Fever is a symptom, not a disease.
Fever should not be confused with hyperthermia. Temperatures higher than 41°C (105.8°F) are almost always due to hyperthermia and not fever.
Be thoughtful in your evaluation of fever to avoid misdiagnosing a serious bacterial illness as “just another viral syndrome.”
Provide empiric antibiotics early for moderate to severely ill patients with a possible infectious etiology. Give directed antibiotic treatment in the emergency department to patients with serious focal bacterial infections.
The human body temperature is controlled within a narrow range between 36 and 37.8 °C (96.8 –100.4°F). Fever is defined as a core temperature >38° C (100.4 °F) in infants and >38.3°C (100.9°F) in adults. It is the result of the body resetting the temperature control center, the hypothalamus, in response to infection. Endogenous (cytokines) and exogenous (bacterial and viral) pyrogens trigger production of prostaglandin E2 (PGE2) in the hypothalamus. PGE2 raises the hypothalamic temperature set point. The body then generates and conserves heat to reach this new hypothalamic set point, thereby raising the body temperature. Fever is sustained as long as the levels of pyrogens and PGE2 are elevated. Cyclooxygenase inhibitors decrease fever by blocking the production of PGE2.
Fever is one of the most common presenting complaints in the emergency department (ED). It accounts for 5% of adult visits, 15% of elderly visits and 40% of pediatric visits to the ED. The most important thing to recognize about fever is that it is a symptom, not a disease, and it represents an underlying problem that must be evaluated and treated. The most common sites of infection vary based on age and immune system status. In the elderly and immunosuppressed, respiratory, genitourinary, and bacterial skin infections predominate. In younger patients the cause of fever is often self-limited and benign (eg, upper respiratory infection), but serious focal bacterial infections (eg, meningitis) requiring antibiotics, diagnostic procedures, and admission, must be detected.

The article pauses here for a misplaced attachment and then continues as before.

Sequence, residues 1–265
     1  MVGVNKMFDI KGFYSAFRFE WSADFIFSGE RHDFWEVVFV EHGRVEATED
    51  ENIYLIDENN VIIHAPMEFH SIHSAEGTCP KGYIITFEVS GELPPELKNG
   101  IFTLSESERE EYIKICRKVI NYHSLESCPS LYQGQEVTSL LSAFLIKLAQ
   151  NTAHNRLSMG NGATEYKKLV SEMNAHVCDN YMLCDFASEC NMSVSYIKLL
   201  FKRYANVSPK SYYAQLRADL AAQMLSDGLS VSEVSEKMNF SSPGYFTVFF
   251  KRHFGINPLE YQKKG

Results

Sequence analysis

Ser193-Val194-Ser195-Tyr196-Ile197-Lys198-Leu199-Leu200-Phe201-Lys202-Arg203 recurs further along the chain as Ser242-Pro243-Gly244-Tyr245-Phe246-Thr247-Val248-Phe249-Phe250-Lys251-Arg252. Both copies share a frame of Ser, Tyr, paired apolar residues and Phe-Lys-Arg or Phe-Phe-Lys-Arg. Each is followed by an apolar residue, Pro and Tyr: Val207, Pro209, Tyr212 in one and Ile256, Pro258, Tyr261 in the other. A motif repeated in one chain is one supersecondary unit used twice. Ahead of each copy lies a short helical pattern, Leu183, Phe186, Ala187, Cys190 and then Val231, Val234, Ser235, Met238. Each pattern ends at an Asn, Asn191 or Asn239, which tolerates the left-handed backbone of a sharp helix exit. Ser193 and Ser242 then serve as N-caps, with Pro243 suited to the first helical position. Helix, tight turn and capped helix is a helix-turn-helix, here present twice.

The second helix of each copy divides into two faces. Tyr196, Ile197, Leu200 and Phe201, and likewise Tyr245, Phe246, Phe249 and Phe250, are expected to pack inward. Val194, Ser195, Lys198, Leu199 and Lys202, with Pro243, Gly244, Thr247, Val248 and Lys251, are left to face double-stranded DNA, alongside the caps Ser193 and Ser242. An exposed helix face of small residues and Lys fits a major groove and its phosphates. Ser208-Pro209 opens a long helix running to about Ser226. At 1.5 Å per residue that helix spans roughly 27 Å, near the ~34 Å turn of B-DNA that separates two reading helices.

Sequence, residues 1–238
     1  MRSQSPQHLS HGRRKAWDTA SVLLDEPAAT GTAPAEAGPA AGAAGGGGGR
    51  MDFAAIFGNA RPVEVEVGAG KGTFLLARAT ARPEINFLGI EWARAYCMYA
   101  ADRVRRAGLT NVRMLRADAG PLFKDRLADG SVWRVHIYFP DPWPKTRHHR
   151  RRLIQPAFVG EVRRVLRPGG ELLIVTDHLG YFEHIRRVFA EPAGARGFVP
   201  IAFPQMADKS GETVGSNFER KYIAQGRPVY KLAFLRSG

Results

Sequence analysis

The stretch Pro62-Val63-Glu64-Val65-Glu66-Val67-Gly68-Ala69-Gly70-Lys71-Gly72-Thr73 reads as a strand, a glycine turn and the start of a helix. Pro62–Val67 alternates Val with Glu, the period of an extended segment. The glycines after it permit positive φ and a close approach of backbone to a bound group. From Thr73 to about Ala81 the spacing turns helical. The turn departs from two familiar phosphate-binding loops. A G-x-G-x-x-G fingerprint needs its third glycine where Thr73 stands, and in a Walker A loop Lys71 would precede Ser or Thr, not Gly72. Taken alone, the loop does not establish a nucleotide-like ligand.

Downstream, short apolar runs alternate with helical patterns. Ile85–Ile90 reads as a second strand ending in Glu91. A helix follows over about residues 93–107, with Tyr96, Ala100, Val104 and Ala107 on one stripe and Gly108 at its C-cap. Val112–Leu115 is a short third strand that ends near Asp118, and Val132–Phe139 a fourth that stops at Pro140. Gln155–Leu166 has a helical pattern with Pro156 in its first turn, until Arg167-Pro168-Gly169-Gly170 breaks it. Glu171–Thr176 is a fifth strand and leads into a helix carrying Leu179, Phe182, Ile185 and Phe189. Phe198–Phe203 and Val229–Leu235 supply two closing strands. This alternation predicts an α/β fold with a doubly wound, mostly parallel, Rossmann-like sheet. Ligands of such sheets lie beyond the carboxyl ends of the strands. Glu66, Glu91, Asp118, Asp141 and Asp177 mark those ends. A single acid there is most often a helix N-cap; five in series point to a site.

The differential diagnosis for fever is quite broad, but in 85% of cases the cause is identified by a thorough history and physical examination. Important historical information includes the onset, magnitude, duration, pattern, any associated symptoms, travel within the past year, chronic illnesses, recent medication changes, recent hospitalizations, chemotherapy, radiotherapy, or the presence of indwelling vascular access devices or artificial heart valves. The age and overall health of the patient must be taken into account when taking the history and making medical decisions.
The site of temperature recording should be noted, as rectal temperatures are more accurate and usually 1°C higher than oral temperatures. Rectal temperature should be taken in infants, children, and adults with significant tachypnea, tachycardia, or altered mental status (AMS). Heart rate (HR) and respiratory rate (RR) increase as fever rises. An increase in temperature of 1°C ...